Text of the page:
Guggenheim: Prepare for Recession in 2020

Brian Smedley is Senior Managing Director and Head of Macroeconomic and Investment Research at Guggenheim Partners.

Brian joined Guggenheim in 2015 from Bank of America Merrill Lynch, where he was Director and Head of U.S. Short Rates Research. Prior to joining BAML in 2010, he spent nearly five years at the Federal Reserve Bank of New York. There he served as a senior trader in the Markets Group during the financial crisis and previously as a senior economic analyst in the Emerging Markets and International Affairs group.

Brian graduated summa cum laude with a B.S. in finance and economics from Utah State University and an MA in international development studies from the Elliot School of International Affairs at George Washington University.

I interviewed Brian last week.

Please discuss your role at Guggenheim and how you support the investment decisions that get made throughout the firm.

I head the Macroeconomic and Investment Research team at Guggenheim Investments. In that role I lead a team of macroeconomists and investment strategists. We work closely with our global chief investment officer, Scott Minerd, to provide the rest of the investment team with the outlook on the U.S. and global business cycle, market forecasts, and policy views that determine our positioning at a high level across portfolios.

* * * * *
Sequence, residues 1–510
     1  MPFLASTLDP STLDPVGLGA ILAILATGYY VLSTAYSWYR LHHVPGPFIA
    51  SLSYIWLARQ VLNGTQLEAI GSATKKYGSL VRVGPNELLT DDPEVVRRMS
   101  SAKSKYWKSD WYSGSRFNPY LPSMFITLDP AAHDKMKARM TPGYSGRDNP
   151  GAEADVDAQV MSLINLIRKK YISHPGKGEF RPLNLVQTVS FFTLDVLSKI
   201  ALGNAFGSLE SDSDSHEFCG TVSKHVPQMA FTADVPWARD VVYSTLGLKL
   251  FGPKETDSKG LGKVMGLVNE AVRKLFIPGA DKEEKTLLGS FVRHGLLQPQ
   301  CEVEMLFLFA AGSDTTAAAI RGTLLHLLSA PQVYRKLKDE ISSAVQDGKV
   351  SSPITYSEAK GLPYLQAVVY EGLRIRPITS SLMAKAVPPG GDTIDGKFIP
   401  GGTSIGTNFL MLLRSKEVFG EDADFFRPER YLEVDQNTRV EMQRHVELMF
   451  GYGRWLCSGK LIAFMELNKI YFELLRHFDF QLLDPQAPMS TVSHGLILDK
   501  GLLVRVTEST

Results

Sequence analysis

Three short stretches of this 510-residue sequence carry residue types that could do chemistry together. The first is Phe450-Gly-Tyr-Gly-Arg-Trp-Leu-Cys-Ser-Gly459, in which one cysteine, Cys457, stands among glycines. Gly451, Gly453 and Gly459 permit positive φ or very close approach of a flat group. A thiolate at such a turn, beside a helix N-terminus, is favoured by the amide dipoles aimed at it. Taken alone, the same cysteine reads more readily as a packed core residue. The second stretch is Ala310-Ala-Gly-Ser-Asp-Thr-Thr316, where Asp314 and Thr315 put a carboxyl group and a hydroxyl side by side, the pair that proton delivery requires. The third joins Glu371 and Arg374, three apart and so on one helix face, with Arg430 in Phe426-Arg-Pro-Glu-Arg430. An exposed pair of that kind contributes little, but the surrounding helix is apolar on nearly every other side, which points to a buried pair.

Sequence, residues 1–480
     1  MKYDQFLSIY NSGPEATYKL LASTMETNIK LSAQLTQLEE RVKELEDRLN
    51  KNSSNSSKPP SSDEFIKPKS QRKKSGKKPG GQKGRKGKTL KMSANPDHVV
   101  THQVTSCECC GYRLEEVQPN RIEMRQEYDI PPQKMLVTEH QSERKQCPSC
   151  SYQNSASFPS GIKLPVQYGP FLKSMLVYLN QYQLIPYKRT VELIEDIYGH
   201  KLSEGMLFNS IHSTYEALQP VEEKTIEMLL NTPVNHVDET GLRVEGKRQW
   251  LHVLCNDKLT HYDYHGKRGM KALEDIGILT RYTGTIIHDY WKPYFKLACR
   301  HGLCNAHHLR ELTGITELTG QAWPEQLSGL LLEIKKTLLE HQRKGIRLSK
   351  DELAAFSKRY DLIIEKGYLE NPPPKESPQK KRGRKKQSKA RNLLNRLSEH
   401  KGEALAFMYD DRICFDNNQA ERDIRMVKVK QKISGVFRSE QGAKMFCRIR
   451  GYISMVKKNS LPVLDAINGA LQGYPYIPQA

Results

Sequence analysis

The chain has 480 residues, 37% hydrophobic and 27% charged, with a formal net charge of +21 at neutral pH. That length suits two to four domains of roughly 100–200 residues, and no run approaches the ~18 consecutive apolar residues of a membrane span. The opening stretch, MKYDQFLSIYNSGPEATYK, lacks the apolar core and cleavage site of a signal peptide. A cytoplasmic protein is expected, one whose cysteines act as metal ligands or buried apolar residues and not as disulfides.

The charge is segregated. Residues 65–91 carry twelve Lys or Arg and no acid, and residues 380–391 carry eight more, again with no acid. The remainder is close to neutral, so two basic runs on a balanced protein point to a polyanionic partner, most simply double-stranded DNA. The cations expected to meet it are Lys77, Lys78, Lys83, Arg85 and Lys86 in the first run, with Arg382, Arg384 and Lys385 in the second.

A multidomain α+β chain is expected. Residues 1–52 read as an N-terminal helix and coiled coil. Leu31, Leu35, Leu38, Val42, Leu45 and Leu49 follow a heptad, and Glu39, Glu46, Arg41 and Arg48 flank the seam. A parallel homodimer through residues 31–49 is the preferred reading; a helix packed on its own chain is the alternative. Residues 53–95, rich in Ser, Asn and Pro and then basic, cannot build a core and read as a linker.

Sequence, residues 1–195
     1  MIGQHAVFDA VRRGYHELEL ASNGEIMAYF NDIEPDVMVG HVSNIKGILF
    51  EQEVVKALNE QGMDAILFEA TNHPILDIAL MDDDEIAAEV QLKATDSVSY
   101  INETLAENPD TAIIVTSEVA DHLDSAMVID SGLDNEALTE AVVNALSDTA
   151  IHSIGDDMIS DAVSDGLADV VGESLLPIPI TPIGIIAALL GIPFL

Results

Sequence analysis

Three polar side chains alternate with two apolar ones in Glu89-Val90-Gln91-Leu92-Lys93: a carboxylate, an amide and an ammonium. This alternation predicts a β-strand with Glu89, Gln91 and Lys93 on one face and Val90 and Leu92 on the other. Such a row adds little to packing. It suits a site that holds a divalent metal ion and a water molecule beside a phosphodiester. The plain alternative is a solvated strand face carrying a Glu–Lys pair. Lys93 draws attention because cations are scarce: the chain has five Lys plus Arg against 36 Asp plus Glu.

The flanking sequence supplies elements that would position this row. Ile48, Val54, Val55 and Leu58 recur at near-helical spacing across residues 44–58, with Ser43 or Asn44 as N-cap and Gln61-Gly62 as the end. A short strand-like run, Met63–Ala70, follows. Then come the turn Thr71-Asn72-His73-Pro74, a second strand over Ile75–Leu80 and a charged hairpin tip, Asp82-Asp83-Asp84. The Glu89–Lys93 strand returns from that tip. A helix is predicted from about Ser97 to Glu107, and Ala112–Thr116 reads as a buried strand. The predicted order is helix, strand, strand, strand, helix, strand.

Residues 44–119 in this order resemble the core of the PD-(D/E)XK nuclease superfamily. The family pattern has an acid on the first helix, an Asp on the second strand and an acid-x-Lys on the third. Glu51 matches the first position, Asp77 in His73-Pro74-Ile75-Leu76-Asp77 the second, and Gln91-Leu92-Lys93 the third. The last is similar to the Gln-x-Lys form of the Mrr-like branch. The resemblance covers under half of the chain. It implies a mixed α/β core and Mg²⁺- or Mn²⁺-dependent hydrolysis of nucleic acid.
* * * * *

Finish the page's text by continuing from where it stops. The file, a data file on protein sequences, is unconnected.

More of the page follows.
In your recent commentary, you said that the U.S. economy is about two years away from the next recession. How severe will that recession be and what was your analysis behind the two-year timeframe?

Last year we developed a framework that brings together several indicators to give us an early warning sign as a recession is approaching. We started by studying the common characteristics of pre-recessionary periods historically. The narrative begins with an economy that is growing above its potential for a sustained period. We see evidence of that in the fact that the unemployment rate is declining. As it declines below full employment, the Fed grows concerned about an unsustainably tight labor market and what that may portend for rising inflation. The Fed raises interest rates and tightens monetary policy. As it does, we tend to see evidence that monetary policy is getting tighter in the flattening of the Treasury yield curve. We focus on the three-month/10-year Treasury curve.